October 17, 2016
The University of Michigan's Paul Mohai, a leading researcher of issues related to environmental justice, talked about the Flint water crisis at a workshop sponsored by the Institute for Journalism and Natural Resources, attended by Scientific American contributing editor Robin Lloyd.
October 5, 2016
The Nobel Prize in Chemistry was awarded today to Jean-Pierre Sauvage, Sir James Fraser Stoddart and Bernard L. Feringa for the design and synthesis of molecular machines.  
October 4, 2016
The Nobel Prize in Physics was awarded today to David J. Thouless, F. Duncan Haldane and J. Michael Kosterlitz for theoretical discoveries of topological phase transitions and topological phases of matter.  
October 3, 2016
The Nobel Prize in Physiology or Medicine was awarded today to Yoshinori Ohsumi of Japan for his discoveries concerning autophagy. Following the announcement, journalist Lotta Fredholm spoke to Juleen Zierath, chair of the Nobel Committee for Physiology or Medicine, about the research.  
September 26, 2016
Carin Bondar talks about her new book Wild Sex, which covers the strange, surreal and sometimes scary sex lives of our animal cousins.  
August 17, 2016
David Epstein talks about his 2013 bestseller The Sports Gene: Inside the Science of Extraordinary Athletic Performance and his recent Scientific American article "Magic Blood and Carbon-Fiber Legs at the Brave New Olympics."
August 16, 2016
Each summer, the National Center for Science Education organizes a boat trip down the Colorado River through the Grand Canyon to bring visitors face to wall-face with striking examples of geologic and evolutionary processes.
August 4, 2016
Best-selling science writer Mary Roach talks about her latest book, Grunt: The Curious Science of Humans at War.
June 27, 2016
Kenneth Catania of Vanderbilt University talks to Cynthia Graber about electric eel research that led him to accept 19th-century naturalist Alexander von Humboldt's account of electric eels attacking horses.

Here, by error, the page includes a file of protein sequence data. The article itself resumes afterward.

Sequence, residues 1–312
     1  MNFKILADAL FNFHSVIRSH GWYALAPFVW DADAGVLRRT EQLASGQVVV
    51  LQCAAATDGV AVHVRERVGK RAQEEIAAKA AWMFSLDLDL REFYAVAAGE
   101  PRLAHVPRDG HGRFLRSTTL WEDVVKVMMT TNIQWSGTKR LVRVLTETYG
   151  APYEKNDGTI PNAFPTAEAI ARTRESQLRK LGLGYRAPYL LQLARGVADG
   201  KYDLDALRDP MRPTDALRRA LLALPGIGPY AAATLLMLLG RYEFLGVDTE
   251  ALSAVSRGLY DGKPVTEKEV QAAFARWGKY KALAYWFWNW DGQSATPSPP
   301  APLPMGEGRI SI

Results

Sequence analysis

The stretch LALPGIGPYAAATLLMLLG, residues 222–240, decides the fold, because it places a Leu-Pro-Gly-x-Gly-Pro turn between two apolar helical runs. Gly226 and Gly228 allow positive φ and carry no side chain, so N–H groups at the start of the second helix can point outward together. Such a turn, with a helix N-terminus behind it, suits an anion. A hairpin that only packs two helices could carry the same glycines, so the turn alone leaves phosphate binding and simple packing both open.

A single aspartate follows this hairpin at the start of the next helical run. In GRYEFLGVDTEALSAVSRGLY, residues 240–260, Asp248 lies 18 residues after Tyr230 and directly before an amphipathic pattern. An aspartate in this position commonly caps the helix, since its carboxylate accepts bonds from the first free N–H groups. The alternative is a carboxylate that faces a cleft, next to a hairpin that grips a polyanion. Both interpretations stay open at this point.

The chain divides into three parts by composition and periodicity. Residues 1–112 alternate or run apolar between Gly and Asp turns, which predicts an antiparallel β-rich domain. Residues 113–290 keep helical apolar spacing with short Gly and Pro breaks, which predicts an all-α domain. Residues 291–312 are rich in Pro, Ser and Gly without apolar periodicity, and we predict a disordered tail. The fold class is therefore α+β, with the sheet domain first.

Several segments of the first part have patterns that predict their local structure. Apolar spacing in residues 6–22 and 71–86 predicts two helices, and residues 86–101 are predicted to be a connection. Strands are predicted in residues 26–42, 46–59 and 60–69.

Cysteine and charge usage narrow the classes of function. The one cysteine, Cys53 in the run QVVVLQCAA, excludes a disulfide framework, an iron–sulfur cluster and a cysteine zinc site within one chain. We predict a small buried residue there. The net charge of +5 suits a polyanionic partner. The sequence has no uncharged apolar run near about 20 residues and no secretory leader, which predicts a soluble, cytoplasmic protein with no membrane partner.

June 16, 2016
Wildlife Conservation Society researcher Ullas Karanth talks about his July, 2016, Scientific American article on state-of-the-art techniques for tracking tigers and estimating their populations and habitat health.
June 14, 2016
Caltech’s Kip Thorne and Ronald Drever and MIT’s Rainer Weiss were the founders of the LIGO experiment that detected gravitational waves. They were just awarded the Kavli Prize in Astrophysics and two of them spoke with Scientific American 's Clara Moskowitz about LIGO and the public's reaction.
May 12, 2016
Caltech theoretical physicist Sean M. Carroll talks about his new book The Big Picture: On the Origins of Life, Meaning, and the Universe Itself . (Dutton, 2016)
May 5, 2016
Former Scientific American editor Mark Alpert talks about his latest science fiction thriller, The Orion Plan, featuring the method whereby aliens most likely really would colonize our planet.
April 29, 2016
Primatologist Frans de Waal discusses his latest book, Are We Smart Enough to Know How Smart Animals Are? (Norton, 2016).
April 15, 2016
Mathematician and author Adam Kucharski talks about his new book The Perfect Bet: How Science and Math Are Taking the Luck Out of Gambling (Basic Books, 2016).
February 29, 2016
If a socially prominent gorilla is in the midst of a meal, it may hum or sing to tell others nearby that it's busy at the moment and will get back to you later.
February 25, 2016
Scientific American 's energy and environment editor, David Biello, met with Bill Gates on February 22 to discuss tackling carbon emissions while at the same time making necessary energy available to ever more of the globe’s growing population.